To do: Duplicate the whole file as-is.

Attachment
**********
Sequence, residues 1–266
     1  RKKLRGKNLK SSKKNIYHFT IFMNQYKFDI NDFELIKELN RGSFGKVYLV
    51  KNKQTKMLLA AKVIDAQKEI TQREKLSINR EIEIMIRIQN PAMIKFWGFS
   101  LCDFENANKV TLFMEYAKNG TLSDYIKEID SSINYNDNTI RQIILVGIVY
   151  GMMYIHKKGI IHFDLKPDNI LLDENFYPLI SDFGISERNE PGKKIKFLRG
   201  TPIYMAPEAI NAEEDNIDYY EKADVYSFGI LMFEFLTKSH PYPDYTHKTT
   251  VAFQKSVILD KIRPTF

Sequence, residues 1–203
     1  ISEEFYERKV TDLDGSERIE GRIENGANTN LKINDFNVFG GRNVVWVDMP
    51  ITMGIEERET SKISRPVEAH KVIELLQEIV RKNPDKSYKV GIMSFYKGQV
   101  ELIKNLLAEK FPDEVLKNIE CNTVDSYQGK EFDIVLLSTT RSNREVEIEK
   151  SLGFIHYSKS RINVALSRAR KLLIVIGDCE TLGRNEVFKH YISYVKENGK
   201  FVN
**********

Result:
Sequence, residues 1–266
     1  RKKLRGKNLK SSKKNIYHFT IFMNQYKFDI NDFELIKELN RGSFGKVYLV
    51  KNKQTKMLLA AKVIDAQKEI TQREKLSINR EIEIMIRIQN PAMIKFWGFS
   101  LCDFENANKV TLFMEYAKNG TLSDYIKEID SSINYNDNTI RQIILVGIVY
   151  GMMYIHKKGI IHFDLKPDNI LLDENFYPLI SDFGISERNE PGKKIKFLRG
   201  TPIYMAPEAI NAEEDNIDYY EKADVYSFGI LMFEFLTKSH PYPDYTHKTT
   251  VAFQKSVILD KIRPTF

Sequence, residues 1–203
     1  ISEEFYERKV TDLDGSERIE GRIENGANTN LKINDFNVFG GRNVVWVDMP
    51  ITMGIEERET SKISRPVEAH KVIELLQEIV RKNPDKSYKV GIMSFYKGQV
   101  ELIKNLLAEK FPDEVLKNIE CNTVDSYQGK EFDIVLLSTT RSNREVEIEK
   151  SLGFIHYSKS RINVALSRAR KLLIVIGDCE TLGRNEVFKH YISYVKENGK
   201  FVN